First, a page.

n Acta Juridica - Domestic partnerships and marital status discrimination

Volume 2005, Issue 1
  • ISSN : 0065-1346
  • E-ISSN: 1996-2088



In a judgment handed down in February 2005, the South African Constitutional Court decided not to involve itself in the transformation of the law regulating cohabitation. It opted instead to leave the matter to the executive and to Parliament to resolve. The Court seems to have been daunted by the scale of the problems presented by this endemic social phenomenon. Its response was to opt for apathy. This reluctance to involve itself in a pressing law reform problem is regrettable.

At some point the Court will have to pass judgment on the permissible constitutional parameters of legislative reform in this area. It is a pity that it did not take this opportunity to set out those parameters. It could have aided government in its formulation of the structure of reform, and provided real solutions to those trapped in the inequities that cohabitation creates in the period leading up to the final reform that is adopted by government.
The failure of the majority judgment to provide solutions highlights the need for reflection once again on the nature of the problems that social change in family life has created, and to consider the role of the Constitution and the judiciary in resolving those problems. I will, therefore, try to do two things in this article. I will focus on the specific facts in and offer a critique of the decisions that the judges in the Constitutional Court handed down in that case. But I will also generalise the decision to the trends in family law on which the case is based. In doing so, I hope to offer some thoughts on the way in which I believe government and the courts should approach matters dealing with cohabitation in the future.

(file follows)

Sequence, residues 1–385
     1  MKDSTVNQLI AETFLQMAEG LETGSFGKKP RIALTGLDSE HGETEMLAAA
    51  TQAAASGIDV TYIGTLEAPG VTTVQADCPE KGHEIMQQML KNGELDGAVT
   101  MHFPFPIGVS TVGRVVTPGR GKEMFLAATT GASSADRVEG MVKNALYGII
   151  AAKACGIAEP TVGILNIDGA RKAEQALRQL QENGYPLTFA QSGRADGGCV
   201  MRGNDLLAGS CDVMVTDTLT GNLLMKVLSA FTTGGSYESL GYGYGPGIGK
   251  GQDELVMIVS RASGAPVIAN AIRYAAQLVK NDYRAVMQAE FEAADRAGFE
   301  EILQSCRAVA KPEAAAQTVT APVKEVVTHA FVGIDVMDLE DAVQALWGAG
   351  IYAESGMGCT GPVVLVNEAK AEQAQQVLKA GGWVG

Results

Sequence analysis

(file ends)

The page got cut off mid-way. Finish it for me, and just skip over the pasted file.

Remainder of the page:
The overarching approach that I will adopt in discussing the problems that were encapsulated in this case is the need to achieve a just resolution of the problems unmarried partners face. It is important to spell out the nature of the claim to justice that is being promoted. Solutions to the problems of cohabitants must, clearly, be even handed; they must, present a solution which is fair to partners. This obviously means that the personal circumstances of both individuals in a cohabiting relationship should feature in the resolution of their cohabitation dispute. It also means that the social context in which their relationship is lived must feature (prominently, I would argue) in the just resolution of their disputes. The public face of family life and the currents of prejudice which exist in the social world and which envelop real families must be acknowledged and dealt with if any resolution is to be just to the parties to cohabitation disputes. My plea is especially for gendered power relations in society to be taken seriously and to be addressed appropriately in providing solutions for cohabitants. Policy makers as well as judges have a responsibility to adopt a broad perspective on the nature and sources of injustice that arise when cohabitation relationships end. And judges, in particular, should not balk at offering limited solutions to problems which appear to be dwarfed by the greater injustices perpetrated on the parties by the social context in which the solution is offered. A partial solution is, it is submitted, almost always better than no solution at all.

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